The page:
Let’s start with an article that allows us to know with a little history, the origins of the Museo Nacional del Prado, the building, one of the most important Art Centers in the world.
The building that houses the Prado Museum is the work of Juan de Villanueva, a project that was approved by king Carlos III in 1786, and that together with the Royal Botanical Garden formed the architectural complex that was named the Hill of Sciences, because it was originally going to be used as a Science Museum.
It was built during the reigns of Carlos III and Carlos IV.
The Napoleonic invasion caused the building to fall into decay, being used for military purposes.
The history of the Prado Museum continues with Ferdinand VII when he ordered the restoration of the building and in 1819 it was inaugurated as the Royal Museum of Paintings, and housed mainly the royal collection, limiting the exhibition space to three rooms.
2019 was the bicentennial
Therefore, 2019 was the bicentennial of the institution.
To learn more about the historical and architectural aspects of the main building of the Museo del Prado, I recommend watching the video made by the museum itself in which Pedro Moleón Gavilanes, a professor at the Universidad Politécnica de Madrid, an authority on the subject and author of publications on Juan de Villanueva and the museum building itself (in Spanish):
The majority of the Prado’s works come from the royal collection that has been growing for centuries.
The majority of the works come from the royal collection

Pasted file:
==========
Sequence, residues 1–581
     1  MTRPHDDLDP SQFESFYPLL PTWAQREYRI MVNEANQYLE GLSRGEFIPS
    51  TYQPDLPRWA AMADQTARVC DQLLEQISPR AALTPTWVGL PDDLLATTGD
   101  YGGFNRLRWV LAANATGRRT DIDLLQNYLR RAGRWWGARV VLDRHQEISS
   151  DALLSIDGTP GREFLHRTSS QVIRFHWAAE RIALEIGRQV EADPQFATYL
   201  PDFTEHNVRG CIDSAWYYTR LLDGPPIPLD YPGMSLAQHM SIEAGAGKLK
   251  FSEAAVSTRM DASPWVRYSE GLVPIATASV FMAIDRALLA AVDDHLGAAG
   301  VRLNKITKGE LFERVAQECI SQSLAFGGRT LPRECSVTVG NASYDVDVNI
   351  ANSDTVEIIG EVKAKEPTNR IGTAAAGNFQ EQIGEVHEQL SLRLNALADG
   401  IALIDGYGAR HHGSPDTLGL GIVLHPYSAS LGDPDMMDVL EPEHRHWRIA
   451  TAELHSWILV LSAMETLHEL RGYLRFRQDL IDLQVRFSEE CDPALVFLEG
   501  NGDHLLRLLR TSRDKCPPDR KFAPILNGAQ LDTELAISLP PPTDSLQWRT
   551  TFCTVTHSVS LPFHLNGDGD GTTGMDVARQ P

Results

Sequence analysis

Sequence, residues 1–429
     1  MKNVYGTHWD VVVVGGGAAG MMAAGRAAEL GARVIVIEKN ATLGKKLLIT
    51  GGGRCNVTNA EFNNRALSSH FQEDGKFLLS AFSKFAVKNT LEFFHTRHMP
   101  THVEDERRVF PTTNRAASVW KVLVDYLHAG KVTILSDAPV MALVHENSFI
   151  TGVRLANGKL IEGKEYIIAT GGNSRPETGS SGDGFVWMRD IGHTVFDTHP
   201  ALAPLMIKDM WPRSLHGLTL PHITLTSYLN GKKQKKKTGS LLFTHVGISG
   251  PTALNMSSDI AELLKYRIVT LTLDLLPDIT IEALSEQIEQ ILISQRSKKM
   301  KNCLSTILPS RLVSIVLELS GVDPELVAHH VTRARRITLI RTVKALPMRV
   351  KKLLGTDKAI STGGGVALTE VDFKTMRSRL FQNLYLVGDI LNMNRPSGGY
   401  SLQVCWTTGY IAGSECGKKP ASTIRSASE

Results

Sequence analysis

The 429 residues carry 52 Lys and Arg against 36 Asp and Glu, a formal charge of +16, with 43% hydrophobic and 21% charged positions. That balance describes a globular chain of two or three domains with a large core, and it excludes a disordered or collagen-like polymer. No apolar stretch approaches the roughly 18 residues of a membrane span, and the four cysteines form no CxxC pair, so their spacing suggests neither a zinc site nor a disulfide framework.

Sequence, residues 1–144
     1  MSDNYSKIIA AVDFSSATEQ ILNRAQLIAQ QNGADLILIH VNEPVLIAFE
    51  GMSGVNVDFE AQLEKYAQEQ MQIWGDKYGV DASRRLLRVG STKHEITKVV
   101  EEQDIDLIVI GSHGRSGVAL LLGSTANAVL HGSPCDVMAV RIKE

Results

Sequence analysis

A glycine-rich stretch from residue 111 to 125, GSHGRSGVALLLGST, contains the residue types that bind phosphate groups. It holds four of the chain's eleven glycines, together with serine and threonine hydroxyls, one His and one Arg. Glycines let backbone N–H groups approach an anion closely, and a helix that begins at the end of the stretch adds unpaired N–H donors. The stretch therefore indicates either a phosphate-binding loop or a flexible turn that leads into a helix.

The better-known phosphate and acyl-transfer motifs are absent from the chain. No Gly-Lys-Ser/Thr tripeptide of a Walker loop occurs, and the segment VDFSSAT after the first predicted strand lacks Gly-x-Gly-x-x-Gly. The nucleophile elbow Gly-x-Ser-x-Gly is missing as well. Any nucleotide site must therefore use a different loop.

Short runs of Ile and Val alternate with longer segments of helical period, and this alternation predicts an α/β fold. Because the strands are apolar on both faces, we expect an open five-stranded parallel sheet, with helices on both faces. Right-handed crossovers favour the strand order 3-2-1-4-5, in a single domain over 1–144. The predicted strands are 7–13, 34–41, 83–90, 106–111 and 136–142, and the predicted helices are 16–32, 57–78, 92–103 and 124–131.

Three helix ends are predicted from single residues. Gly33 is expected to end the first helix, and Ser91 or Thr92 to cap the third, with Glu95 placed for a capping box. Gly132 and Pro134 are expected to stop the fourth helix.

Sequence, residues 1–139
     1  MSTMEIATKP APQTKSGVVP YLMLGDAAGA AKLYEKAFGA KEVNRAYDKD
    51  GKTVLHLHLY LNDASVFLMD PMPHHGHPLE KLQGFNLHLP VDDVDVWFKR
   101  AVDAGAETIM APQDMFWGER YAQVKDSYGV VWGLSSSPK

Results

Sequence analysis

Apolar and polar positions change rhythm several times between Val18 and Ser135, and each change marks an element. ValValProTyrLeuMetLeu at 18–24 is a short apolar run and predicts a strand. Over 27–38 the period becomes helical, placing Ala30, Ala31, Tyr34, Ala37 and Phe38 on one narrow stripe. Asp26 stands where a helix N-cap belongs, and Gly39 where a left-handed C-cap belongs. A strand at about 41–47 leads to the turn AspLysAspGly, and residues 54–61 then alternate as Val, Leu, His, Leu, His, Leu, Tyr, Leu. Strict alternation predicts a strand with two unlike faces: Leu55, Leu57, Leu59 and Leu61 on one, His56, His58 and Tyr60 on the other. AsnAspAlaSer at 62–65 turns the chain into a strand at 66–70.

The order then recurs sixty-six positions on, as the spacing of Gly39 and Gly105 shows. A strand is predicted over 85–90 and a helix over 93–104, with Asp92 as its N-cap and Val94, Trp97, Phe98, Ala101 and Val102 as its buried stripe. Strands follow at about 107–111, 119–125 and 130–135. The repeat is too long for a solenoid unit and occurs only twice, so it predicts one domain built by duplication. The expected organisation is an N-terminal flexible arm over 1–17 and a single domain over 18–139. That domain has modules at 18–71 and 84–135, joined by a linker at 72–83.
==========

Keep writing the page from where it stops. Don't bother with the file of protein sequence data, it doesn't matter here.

In addition to all this, there are those from the Trinity Museum, formerly the Trinity Convent. These pieces come from the disentailment of Mendizabal.
It consisted of a series of expropriations of Church property carried out by the liberals in the 19th century.
These expropriations meant that the ownership of a large number of works of art found in churches, monasteries and convents became National Property.
Many of these works have ended up in the Prado collection.
The rest of the museum’s heritage comes from acquisitions.
During the 19th century and a good part of the 20th century, the State hardly provided any resources to the institution, making its management extremely difficult.
The arrival of the 1960s brought with it a great expansion of tourism on an international level, which highlighted the enormous shortages and lack of space at the Prado National Museum.
In 2007 the extension was inaugurated, doubling its exhibition capacity
In the 1990s, Rafael Moneo was awarded the contract to expand el Museo Nacional del Prado, which was inaugurated in 2007, doubling the exhibition capacity.
The name of the Prado Museum comes from having been built in what was called Prado de los Jerónimos.
Access the museum’s website here
Tickets can be obtained at this link from the museum itself: access